A gouge in a metal sign, seen as crop spoilage induced by climate change

I found this damaged sign almost a decade before the time of writing, and immediately saw the ponderous springtime churning of a crop’s remnants. I’ve seen and heard of north-central Illinois crops left unharvested due to excess precipitation throughout my adult life. Saturated feed crops are left throughout winter in an effort to promote drying, and anything that is still soaked by the next growing season is disposed of. Crops are wasted rather than sold at a loss, and farmers are left to struggle until corporate farming operations or building developers provide an easy out.

With climate change increasing the likelihood of excess rainfall and destructive storms, I seem to hear about this situation more and more often. Looking beyond anecdotes, the NASA outlook for the impact of climate change on global crops is not encouraging. Ironically, industrial agriculture is a key contributor to greenhouse gases, and their lobbying efforts to exempt themselves from emissions reporting and other meaningful environmental regulations is a direct and insulting contradiction to the mostly symbolic 10-, 20-, and even 30-year carbon neutrality commitments that corporations love to saddle future leadership with.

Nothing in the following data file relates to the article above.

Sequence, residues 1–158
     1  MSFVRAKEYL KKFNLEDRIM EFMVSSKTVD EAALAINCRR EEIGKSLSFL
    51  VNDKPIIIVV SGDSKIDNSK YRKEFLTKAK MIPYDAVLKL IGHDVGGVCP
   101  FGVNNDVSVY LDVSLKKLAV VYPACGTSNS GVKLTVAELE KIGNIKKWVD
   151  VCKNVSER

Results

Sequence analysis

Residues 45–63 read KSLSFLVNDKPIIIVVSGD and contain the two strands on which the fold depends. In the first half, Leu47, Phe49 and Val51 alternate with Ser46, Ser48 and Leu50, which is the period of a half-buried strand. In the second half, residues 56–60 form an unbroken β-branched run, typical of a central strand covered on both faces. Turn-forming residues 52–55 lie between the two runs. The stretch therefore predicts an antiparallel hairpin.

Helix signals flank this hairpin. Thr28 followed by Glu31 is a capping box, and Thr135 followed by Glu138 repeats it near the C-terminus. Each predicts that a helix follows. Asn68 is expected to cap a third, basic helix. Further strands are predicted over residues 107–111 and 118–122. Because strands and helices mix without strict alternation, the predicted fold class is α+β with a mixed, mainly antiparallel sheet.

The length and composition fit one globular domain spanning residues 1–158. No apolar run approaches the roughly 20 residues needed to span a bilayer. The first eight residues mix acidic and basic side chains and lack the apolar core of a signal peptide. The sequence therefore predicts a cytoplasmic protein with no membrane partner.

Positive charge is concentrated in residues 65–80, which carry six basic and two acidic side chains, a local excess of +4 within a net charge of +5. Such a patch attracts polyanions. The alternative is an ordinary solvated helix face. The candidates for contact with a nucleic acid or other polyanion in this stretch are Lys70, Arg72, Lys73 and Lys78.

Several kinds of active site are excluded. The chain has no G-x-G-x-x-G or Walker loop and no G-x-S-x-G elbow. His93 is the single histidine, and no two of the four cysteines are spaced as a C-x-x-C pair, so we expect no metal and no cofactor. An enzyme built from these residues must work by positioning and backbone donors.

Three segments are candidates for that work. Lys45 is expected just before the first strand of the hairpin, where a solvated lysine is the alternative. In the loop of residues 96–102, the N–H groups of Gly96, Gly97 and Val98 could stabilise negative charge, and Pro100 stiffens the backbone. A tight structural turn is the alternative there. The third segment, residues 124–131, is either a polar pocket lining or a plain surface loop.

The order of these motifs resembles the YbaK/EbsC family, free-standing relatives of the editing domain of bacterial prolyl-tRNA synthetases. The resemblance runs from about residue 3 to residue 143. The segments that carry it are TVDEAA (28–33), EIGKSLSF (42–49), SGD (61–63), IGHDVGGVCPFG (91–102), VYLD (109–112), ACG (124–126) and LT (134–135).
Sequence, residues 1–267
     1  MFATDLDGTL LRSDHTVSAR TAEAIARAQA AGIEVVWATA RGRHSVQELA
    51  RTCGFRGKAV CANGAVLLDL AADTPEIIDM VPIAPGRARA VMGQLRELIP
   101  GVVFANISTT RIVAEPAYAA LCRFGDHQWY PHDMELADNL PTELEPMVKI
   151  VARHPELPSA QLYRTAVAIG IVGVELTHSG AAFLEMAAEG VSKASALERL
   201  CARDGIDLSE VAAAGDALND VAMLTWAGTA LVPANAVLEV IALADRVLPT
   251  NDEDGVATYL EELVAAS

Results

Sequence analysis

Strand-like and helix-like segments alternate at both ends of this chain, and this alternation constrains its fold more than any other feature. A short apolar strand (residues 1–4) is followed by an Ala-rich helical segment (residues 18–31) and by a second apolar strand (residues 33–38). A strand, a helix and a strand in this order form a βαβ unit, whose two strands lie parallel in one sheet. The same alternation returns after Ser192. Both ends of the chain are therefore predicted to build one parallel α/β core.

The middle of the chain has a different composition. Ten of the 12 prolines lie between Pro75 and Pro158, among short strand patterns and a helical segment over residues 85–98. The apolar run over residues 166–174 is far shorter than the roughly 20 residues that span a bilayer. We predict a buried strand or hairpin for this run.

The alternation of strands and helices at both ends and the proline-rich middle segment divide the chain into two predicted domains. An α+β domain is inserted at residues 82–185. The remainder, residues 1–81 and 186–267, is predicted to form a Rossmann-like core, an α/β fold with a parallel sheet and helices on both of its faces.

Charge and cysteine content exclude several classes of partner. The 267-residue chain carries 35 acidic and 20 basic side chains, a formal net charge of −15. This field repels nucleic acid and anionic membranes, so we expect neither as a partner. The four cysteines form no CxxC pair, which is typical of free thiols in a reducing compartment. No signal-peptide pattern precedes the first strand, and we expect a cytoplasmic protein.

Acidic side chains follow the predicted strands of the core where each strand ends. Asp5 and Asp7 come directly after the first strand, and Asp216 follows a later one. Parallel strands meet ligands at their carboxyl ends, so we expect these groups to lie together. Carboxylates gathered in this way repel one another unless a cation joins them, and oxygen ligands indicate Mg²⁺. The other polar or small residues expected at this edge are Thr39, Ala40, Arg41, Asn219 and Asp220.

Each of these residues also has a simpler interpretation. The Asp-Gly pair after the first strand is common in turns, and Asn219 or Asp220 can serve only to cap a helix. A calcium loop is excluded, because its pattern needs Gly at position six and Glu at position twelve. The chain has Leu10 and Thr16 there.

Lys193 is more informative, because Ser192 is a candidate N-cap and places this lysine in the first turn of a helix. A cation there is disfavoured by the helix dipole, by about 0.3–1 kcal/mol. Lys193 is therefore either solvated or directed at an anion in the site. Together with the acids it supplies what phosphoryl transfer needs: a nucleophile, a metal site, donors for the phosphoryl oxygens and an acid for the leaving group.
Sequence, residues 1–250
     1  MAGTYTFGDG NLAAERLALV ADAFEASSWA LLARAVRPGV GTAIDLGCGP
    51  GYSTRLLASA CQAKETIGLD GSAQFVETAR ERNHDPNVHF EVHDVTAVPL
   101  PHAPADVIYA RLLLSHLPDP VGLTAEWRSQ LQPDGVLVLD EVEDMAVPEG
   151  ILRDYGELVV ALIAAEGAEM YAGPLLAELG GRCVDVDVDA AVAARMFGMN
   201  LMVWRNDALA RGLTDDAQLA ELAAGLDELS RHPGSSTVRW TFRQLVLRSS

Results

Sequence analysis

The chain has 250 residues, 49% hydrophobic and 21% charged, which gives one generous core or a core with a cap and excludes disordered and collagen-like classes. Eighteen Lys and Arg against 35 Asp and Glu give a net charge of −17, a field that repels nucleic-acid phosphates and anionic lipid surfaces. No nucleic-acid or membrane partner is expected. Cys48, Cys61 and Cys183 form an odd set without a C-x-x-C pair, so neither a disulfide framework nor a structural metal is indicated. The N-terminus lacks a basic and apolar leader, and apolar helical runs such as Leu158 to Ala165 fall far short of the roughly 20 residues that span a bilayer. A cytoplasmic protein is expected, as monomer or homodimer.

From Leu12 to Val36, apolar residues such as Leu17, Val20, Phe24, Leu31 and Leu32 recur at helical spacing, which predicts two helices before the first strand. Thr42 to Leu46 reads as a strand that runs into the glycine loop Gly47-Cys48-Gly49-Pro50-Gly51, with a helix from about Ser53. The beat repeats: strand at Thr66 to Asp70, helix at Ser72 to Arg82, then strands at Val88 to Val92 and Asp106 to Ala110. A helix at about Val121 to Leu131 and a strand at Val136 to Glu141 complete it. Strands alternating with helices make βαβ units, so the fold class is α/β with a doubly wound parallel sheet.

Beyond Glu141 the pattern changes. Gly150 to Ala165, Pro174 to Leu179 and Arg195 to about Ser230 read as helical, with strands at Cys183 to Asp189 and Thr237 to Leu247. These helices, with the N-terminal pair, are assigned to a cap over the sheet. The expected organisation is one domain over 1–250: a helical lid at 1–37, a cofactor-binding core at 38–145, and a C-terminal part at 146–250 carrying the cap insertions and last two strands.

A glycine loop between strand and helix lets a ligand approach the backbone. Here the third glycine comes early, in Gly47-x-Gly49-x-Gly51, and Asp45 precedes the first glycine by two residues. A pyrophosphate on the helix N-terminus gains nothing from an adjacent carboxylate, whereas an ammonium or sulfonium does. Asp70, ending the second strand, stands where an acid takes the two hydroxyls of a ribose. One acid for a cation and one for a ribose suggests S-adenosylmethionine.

All-in-all, it’s the ailing rural farmer that sees his or her livelihood dry up, which ripples deep into the surrounding community. It’s the vulnerable rural farmer that is doubly punished by corporate entities: once by corporate environmental misdeeds, and again by paltry buyouts or compensation plans. It’s the vanishing rural farmer that, driven to desperation, finds the arms of populists, demagogues, and other predators open and waiting. Even sustainable choices like eating less (or abstaining from) meat and purchasing local produce batter farmers without the means to adapt. I know the last point sounds like lamenting the plight of wagon wheel builders, but trump’s election and its consequences has already shown the acute danger of writing off rural communities.

I wish I knew how to break this seemingly perfect negative feedback loop. For now, each time I see or hear about the disposal of spoiled crops, I wonder if the farmer will have the means to do the same the next year. If the land will even be a farm in the years after.

A damaged metal sign.

Minolta XG7
Minolta MD 75-200mm f/4.5
Kodak Ektar – ISO 100